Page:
Your website shouldn’t take so much time away from what you do best, painting, creative writing, drawing, singing, or any creative endeavor. But what if a website were part of what fueled your creative ideas? What if instead of being outside of your creative process a website was part of your creative habits? How is that even possible?
Here are five ways (of many!) having website can fuel your creativity.
The Website Feedback Loop
The process of building for and interacting with your website audience gives more ideas and feedback than you could ever get on your own.
To understand how I would like to introduce you to Jon Morrow (really does he need introducing?!), a former chief Copy Blogger for Copyblogger. Now he runs Boost Blog Traffic a website dedicated to showing you how to blog with intention. Consider this popular blog post titled Why You Shouldn’t Create a Newsletter where Morrow describes how comments takes the guesswork out of knowing what to create.
Not only is that immensely encouraging, but those comments also contain ideas for future posts, new products and services, and even separate businesses. You guys are literally telling me what to do next. I don’t have to guess at all.
A dedicated audience providing ongoing feedback is essential. Those commenters are part of a tribe helping you to create. A tribe of like minded people is what many on the Creative Habits Podcast describe as being helpful within their creative habits.
Content Curation Increases Idea Pool
Here is a quick primer on content curation. Content curation is a process that helps expose your mind to a ton of other ideas. As a side note it also provides content fuel for social media. As you spread other people’s content it increases the authority of yours. Reading a ton is a creative habit many in the Creative Habits Podcast say helps fuel their own creative endeavors.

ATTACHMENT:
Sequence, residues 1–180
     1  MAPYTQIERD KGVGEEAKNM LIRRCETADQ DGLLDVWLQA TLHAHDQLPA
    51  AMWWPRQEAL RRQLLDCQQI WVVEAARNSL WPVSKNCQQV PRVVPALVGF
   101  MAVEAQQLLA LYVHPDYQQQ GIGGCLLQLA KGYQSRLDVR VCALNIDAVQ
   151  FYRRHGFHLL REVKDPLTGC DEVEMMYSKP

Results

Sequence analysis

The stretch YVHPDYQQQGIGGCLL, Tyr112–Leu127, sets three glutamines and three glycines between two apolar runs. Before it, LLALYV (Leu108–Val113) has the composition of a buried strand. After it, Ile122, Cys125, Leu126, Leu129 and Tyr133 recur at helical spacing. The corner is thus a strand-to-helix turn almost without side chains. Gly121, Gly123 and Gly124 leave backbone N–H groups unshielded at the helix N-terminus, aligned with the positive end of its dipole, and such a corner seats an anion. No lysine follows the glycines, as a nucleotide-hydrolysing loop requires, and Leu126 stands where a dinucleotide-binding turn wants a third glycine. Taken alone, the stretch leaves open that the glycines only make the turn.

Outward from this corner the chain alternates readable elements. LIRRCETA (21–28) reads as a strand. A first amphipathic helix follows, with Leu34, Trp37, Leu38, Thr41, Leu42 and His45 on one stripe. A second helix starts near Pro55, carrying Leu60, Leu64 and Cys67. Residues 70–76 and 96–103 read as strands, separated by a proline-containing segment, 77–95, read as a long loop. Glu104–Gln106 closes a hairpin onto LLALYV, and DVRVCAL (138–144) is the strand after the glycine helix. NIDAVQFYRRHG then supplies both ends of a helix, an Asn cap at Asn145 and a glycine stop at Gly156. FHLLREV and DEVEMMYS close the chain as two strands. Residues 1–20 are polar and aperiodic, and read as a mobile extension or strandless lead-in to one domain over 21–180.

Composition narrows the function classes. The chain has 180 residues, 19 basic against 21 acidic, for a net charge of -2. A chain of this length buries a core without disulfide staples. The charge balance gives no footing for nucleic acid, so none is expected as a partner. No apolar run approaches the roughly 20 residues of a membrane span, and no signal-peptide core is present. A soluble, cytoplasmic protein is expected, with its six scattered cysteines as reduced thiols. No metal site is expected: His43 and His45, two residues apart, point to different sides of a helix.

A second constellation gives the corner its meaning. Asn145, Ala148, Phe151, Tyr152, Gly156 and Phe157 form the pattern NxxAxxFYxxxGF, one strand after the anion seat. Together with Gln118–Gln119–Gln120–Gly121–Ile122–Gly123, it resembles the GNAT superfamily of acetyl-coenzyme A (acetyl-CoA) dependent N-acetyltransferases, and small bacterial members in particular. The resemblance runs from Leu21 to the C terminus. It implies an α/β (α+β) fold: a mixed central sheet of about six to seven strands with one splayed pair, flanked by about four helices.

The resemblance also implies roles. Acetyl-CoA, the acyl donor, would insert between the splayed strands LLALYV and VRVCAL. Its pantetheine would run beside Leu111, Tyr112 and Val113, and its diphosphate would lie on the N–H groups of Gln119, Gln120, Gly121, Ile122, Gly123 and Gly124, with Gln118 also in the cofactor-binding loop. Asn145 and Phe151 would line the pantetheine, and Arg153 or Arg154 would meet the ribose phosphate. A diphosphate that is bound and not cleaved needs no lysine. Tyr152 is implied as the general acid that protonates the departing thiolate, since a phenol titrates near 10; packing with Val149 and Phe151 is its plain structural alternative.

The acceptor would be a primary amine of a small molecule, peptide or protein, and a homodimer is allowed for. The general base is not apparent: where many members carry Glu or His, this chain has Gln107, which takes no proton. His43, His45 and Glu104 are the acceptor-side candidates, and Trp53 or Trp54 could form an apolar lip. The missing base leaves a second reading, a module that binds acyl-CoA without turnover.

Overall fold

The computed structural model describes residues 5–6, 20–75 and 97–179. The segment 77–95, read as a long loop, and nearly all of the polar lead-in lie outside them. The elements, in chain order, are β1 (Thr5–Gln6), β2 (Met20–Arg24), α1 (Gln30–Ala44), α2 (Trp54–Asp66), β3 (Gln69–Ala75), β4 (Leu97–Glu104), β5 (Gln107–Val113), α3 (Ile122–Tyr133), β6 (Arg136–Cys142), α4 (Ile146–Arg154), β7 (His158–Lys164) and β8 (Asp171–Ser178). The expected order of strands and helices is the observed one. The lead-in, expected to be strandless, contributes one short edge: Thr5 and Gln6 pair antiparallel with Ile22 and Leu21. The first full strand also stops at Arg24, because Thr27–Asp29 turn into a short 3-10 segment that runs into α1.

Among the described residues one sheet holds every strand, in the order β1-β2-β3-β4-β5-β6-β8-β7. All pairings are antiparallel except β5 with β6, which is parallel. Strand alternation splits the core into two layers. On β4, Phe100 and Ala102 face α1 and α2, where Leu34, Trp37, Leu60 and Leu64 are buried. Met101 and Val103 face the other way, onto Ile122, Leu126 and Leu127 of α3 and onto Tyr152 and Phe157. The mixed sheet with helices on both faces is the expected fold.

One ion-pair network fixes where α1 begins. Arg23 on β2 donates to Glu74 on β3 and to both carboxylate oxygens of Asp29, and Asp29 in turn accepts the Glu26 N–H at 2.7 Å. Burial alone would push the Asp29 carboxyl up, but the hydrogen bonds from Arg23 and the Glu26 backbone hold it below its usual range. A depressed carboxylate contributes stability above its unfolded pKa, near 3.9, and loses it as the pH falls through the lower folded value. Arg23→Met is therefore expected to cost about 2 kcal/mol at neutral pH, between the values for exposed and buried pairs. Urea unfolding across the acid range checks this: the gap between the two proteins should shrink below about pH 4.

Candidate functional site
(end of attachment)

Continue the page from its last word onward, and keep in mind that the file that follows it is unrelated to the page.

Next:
Researching ideas for different blog posts is a form of curating. You cull together different ideas to bounce your own off of. Those same pool of ideas contribute to your own when creating. Here is how Jonathan Fields describes the process of connecting the dots:
When curating ideas for blog posts the process extends the potential pool of ideas. Those ideas later become interesting connections.
The Writing Process as Feedback
By writing for your website you extend ideas through the writing process. You are making sense of these ideas at the same time you are creating them. It is a process of creating and thinking upon the page at the same time. When writing about your art, the process of writing feeds your subconscious mind. Those ideas then come out when you go back to other creative ventures like painting.
You are also writing for an audience. There is something at stake and that crystalizes ideas making you solidify initial thoughts. It hones those thoughts making them sharper and more tangible.
Ok website analytics are probably something most who have a website to display their creative works skip. Your focus is upon creating. What if you could take ten minutes or so a week, view a quick report and know how people were engaging with your content? You would know which posts were more popular and which might need more work.
There are these pre-done reports for Google Analytics that do just that. The first one is from a master of analytics Avinash. It is easy to install, just click on the name and then the import button at the top of the page (see image to the right).
When you can see people are spending more time reading a certain post and then looking at multiple other pages on your site, there is more inspiration towards writing more posts like it.
Or you could try Speakpipe and have people record their answers to questions. If you ask your audience they will tell you it’s just not all of them like filling out forms. Having a quick recorder like Speakpipe means someone can answer more directly.
If you keep them short many people don’t mind taking five minutes to give you answers especially if you have valuable blog posts or art they admire. Give any of these a try!